Marine demonstrates fatal warning shot

23rd March 2005, Comments 0 comments

23 March 2005, AMSTERDAM — Appearing in the appeals court in Arnhem on Wednesday, Dutch marine Erik O. was given his old gun and asked to demonstrate how he fired two warning shots in Iraq on 27 December 2003.

23 March 2005

AMSTERDAM — Appearing in the appeals court in Arnhem on Wednesday, Dutch marine Erik O. was given his old gun and asked to demonstrate how he fired two warning shots in Iraq on 27 December 2003.

O. performed the demonstration at the request of his lawyer. The prosecutor had also asked for the demonstration. O. was subsequently given his unloaded, Diemaco automatic rifle, newspaper 'De Telegraaf' reported.

The sergeant-major demonstrated how he showed his rifle to a group of looting Iraqis to convince them to back off from Dutch security forces. He then pointed his rifle into the air and fired a warning shot. A second shot was aimed at the ground to the left of the group. The aim was for the bullet to splatter mud, he suggested.

O. also expressed surprise that he had been given his own weapon for the demonstration. This is despite the fact that military police could not tell him for the past 15 months where his weapon was.

During questioning in court on Wednesday, O. maintained that Dutch soldiers were at risk during the looting incident and that based on his experience, it was a correct decision to fire the two warning shots.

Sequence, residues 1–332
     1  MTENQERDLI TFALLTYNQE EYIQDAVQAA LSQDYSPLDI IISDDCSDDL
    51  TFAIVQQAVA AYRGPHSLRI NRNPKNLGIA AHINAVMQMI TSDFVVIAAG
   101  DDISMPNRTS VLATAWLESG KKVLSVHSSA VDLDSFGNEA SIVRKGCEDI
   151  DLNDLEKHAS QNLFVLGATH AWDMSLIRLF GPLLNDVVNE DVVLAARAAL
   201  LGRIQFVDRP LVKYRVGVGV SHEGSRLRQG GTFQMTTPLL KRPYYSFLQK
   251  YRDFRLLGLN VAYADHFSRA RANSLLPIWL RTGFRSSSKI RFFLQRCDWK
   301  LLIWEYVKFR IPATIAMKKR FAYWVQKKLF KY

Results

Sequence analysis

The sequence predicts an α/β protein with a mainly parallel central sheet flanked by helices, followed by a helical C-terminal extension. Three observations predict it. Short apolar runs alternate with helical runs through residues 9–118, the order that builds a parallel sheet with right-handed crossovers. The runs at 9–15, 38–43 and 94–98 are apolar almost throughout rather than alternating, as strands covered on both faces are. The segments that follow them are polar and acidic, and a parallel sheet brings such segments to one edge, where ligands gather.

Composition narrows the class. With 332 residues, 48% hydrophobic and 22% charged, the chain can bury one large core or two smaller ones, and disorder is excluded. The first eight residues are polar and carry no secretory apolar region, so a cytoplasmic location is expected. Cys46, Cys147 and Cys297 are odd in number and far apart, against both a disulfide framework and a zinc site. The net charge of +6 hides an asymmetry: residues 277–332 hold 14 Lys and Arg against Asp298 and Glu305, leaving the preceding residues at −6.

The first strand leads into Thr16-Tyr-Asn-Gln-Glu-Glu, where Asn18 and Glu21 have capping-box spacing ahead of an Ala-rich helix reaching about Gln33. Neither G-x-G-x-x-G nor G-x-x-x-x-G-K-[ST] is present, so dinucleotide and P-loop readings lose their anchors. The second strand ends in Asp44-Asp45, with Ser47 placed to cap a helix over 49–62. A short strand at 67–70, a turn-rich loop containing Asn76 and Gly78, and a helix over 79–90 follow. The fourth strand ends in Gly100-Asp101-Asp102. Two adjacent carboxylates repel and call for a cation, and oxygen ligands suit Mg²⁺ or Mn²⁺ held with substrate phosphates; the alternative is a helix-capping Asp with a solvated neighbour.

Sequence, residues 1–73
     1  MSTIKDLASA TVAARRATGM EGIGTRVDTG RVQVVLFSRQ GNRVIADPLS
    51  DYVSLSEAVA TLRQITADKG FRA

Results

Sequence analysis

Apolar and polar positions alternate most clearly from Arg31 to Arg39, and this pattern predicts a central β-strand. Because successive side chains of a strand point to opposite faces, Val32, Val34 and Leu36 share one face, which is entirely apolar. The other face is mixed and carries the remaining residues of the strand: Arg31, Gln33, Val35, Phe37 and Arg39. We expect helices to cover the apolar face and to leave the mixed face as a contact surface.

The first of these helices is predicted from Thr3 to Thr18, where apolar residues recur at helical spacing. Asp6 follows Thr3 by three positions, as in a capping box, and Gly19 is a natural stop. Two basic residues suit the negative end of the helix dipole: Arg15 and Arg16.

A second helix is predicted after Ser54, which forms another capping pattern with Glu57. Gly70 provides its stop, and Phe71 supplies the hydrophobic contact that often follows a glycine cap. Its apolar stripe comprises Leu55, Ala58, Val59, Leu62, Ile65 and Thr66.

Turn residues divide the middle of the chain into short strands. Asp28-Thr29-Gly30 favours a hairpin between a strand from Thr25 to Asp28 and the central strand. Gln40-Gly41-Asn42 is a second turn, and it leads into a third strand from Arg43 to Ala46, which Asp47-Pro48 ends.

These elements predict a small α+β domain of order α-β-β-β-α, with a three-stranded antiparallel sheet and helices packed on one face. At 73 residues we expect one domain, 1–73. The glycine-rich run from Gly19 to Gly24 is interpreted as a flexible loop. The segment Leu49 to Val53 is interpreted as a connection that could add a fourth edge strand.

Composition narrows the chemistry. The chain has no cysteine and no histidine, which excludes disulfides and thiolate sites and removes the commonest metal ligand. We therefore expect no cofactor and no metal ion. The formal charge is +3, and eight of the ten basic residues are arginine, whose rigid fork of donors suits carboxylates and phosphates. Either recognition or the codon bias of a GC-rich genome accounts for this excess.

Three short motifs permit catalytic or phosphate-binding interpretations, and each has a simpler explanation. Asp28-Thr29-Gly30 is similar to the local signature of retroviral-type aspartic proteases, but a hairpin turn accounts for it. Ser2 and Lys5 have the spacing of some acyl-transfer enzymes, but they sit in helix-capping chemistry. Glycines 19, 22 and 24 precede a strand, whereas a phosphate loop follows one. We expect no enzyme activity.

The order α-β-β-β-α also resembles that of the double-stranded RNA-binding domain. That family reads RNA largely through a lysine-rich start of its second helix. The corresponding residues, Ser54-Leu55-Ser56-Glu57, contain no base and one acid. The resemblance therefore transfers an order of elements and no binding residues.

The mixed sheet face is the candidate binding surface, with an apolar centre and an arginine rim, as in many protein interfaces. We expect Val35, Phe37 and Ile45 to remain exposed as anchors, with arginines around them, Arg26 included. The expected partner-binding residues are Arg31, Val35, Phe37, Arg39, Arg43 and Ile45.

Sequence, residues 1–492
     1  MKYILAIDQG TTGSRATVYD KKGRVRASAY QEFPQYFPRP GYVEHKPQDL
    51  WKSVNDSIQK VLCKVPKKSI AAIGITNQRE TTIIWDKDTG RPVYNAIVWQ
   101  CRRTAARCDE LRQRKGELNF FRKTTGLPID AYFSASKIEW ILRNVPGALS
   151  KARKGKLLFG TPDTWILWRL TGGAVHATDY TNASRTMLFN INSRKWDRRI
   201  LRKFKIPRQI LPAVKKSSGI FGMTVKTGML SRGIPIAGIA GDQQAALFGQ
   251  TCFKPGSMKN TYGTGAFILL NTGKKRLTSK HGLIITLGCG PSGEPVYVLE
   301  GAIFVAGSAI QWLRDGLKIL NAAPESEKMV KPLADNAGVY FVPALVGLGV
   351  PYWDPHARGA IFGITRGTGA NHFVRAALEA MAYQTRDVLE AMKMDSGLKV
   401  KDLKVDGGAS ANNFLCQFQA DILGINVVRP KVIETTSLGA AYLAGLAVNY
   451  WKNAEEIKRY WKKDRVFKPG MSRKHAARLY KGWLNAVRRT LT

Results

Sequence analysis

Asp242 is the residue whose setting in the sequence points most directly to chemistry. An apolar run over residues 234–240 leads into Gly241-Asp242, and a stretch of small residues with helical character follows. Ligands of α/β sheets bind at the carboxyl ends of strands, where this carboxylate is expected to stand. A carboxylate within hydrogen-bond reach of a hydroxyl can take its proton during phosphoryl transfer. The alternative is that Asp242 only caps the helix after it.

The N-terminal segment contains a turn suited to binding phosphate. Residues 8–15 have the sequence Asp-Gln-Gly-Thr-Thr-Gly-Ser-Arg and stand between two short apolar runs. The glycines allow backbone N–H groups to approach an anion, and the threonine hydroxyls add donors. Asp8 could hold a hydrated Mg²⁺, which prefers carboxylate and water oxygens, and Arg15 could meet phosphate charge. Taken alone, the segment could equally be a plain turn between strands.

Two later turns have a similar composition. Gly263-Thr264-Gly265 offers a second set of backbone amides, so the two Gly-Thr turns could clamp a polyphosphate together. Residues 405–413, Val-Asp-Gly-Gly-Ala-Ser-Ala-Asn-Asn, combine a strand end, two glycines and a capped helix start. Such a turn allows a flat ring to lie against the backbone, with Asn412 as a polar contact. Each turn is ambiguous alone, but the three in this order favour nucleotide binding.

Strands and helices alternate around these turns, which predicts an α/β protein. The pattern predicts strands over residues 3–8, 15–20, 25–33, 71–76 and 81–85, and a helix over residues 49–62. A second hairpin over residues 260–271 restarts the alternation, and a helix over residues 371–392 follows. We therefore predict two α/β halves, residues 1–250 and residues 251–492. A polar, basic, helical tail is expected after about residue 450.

"The safety of my group took priority. I chose a compromise and thus fired into the ground," he said.

But the Public Prosecutor's Office (OM) claims that an Iraqi man was killed by one of the warning shots and that O. breached rules of engagement. It had initially charged him with murder or manslaughter, but later dropped these charges.

Despite agreeing to answer the court's questions, O. said on Wednesday he would refuse to answer questions from the prosecutor. He said the prosecutor had made him out to be a liar — attacking not only him, but also his colleagues.

O. was previously acquitted by Arnhem Court in October 2004 after the prosecutor demanded a six-month suspended military detention sentence and a 240-hour work order.

The prosecutor's decision to appeal the ruling was highly criticised at the time, but the OM said the decision was a well-balanced choice. It denied on Wednesday the decision was based on a competitive will to win.

[Copyright Expatica News 2005]

Subject: Dutch news

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